Back by popular demand, the KeyShot Halloween Rendering Challenge is currently in full swing. Sponsored by 3D World, the event calls 3D artists all over the globe to create the scariest shot possible for the chance to win animation and rendering software KeyShot.
To spread the word about the challenge, 3D artist Jerod Bogh created this foul 'Pumpkin Eater' to feature on all the event's promotional material. Currently working as a character modeller on supernatural TV drama Grimm, Bogh is somewhat of an expert in designing gruesome creatures. Here, he reveals his working process behind the design...
Q: What 3D software did you use for this project?
ZBrush 4r6 and KeyShot 4.2 Pro.
Q: How long did the image take to create?
I spent a day concepting the idea in ZBrush. Two more days finishing out the model. Then finally a two-day render marathon in KeyShot playing with the lighting and composition until I was satisfied with the mood and materials.
Q: Did you use any unusual or notable techniques?
Within ZBrush I took advantage of the IMM brush system. First sculpting an arm I liked, which was then added into an IMM Brush along with spikes and a few other variations of the arm. Building a quick parts library really sped up the initial concepting process.
The GoZ to KeyShot Plugin was used as a single click solution to get all the ZBrush subtools into KeyShot rapidly. Retaining my PolyPaint info from ZBrush let me start working in KeyShot without having to worry about UV Unwrapping the model. I just dove in and started trying different materials. Using one of KeyShot's default Textured Glass materials, I was able to get a really nice ribbed look to the thickness of the creatures stomach by tweaking some of the texture settings.
Q: What did you most enjoy about creating the image?
Getting the pumpkins into the scene and lit from within! It added so much to the scene having an already devoured pumpkin light the creature from the inside.
Q: What (other) experience do you have in 3D?
This will be my 3rd season working on the NBC series Grimm. Specializing in sculpting digital doubles of the actors, then morphing them into all kinds of monsters and creatures.
Q: What inspires you as an artist?
I'm constantly inspired by nature. Whether I have a basic idea in mind or am needing a new spark for my imagination, nature does the trick 75% of the time. Other artists whether they be past or present make up that remaining 25%.
I'm always humbled by the level of work being created around the world. But I feel taking too much of it in at a time tends to stop me in my tracks rather than benefit my project. It's always a balance.
Can you talk us through your workflow for the Pumpkin Eater?
Early explorations of this character included some kind of angler fish monster as well as some interesting, but failed, alien attempts. Wanting to have pumpkins as a light source, I tried to build the creature around that idea. I thought it would be kind of creepy to have an already digested pumpkin inside the belly of a beast lighting it from within. Thinking about possible enemies of a pumpkin I realized a slug monster would be a great candidate.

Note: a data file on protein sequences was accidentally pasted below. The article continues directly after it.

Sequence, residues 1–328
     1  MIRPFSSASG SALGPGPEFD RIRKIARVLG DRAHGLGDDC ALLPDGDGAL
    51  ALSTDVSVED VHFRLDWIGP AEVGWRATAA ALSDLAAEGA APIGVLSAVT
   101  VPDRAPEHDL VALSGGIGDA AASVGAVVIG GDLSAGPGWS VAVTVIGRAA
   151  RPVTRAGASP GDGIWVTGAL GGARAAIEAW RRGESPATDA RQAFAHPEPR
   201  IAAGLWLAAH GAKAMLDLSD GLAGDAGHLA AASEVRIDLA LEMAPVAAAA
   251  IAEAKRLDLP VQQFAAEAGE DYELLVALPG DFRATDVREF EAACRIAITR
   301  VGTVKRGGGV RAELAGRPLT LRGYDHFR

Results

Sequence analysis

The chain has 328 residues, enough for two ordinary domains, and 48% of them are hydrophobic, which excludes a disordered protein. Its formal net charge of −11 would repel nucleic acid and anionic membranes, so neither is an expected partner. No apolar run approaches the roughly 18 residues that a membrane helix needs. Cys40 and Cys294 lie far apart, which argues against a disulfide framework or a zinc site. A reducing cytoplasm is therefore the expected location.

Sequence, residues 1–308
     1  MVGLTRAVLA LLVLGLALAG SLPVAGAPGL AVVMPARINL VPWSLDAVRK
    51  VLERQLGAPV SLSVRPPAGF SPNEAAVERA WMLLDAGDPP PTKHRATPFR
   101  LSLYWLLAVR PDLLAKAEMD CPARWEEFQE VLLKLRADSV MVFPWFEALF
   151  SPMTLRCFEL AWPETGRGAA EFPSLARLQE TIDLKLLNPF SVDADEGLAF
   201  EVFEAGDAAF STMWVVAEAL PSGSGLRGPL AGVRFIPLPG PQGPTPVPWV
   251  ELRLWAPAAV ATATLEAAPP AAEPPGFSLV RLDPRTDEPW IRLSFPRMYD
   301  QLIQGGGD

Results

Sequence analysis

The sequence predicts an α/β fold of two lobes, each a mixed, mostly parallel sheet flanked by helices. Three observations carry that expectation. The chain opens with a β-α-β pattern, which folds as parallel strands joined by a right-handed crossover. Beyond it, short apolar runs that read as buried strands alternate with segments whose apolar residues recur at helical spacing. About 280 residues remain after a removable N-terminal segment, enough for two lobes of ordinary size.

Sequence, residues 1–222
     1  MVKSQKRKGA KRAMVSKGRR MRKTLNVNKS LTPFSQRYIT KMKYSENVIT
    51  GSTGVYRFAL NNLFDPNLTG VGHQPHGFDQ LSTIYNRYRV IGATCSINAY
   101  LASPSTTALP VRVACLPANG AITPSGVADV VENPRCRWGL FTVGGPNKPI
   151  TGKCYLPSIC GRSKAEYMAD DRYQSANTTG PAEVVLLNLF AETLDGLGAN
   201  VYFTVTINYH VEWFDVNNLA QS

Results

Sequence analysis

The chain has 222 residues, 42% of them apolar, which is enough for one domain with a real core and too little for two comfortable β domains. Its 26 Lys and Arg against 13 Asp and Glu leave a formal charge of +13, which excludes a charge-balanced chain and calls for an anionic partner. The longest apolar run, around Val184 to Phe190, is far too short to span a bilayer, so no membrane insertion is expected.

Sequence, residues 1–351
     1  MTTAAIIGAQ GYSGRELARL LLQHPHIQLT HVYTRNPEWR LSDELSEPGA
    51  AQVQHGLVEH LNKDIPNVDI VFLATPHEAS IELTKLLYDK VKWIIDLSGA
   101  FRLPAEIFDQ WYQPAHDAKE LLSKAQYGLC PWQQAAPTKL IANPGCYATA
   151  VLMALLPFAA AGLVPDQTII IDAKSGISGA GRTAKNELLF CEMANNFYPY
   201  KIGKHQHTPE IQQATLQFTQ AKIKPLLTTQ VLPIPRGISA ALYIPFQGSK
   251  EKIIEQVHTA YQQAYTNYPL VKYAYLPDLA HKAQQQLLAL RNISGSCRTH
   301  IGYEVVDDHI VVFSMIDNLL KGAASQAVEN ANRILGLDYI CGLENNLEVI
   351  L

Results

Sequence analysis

Using Dynamesh (ZBrush's base mesh generation tool) I blocked out a few initial body forms and head types. After I had a direction locked in, I used ZBrush 4r6's ZRemesher feature and retopped the body and head parts with only a few clicks.
Projecting my Dynamesh details onto the new ZRemeshed topology I could now use ZBrush's Subdivisions again. This allowed me to pose a lower resolution version and still have access to high resolution details.
The Pumpkin Eater went through several style changes before I grabbed a set of teeth I made back on the angler fish creature. Creating a pocket for a mouth, I then appended the set of the teeth and moved them into position. Not liking how a typical top and bottom jaw layout looked, I duplicated the bottom set of teeth and began mirroring them together until it looked more alien.
Next I quickly sculpted a few pumpkin variations from a sphere. Cut the tops and face features out using polygroups. Then extracted those planes into a pumpkin with a proper thickness so they look convincing when lit. With the early tests in KeyShot I was able to get back into ZBrush and re-position the pumpkins and their inner light spheres into better placement for the composition.
It was at this point I sent all of the subtools over to KeyShot using the GoZ plugin that will be available soon! Sending over my highest sub divisions means it's necessary to delete the lower levels if the subtools have any.
Getting into Keyshot while I was still in the sculpting and developement stages allowed for some great feedback for the final composition. I lit the scene with an outdoor HDRI, and next a pumpkin. In order to light the pumpkin like a bright candle from the inside I used ZBrush to place a sphere inside each of them. Then used GoZ to send the spheres into KeyShot and set their materials to area lights. Turning off the visibility of the sphere's geometry but keeping the light present.
KeyShot has really impacted the way I work. In the past I never bothered thinking about the lighting until the end. Now it's something I'm considering very early in the process. It's always amazing to me how much an HDRI change can effect the image. So I always do a lot of playing in KeyShot. Staying fearless and saving often is usually my mantra.
You can enter the Keyshot Halloween Render Challenge here. The deadline for entries is Nov 4, 2013.
All images courtesy of Jerod Bogh.
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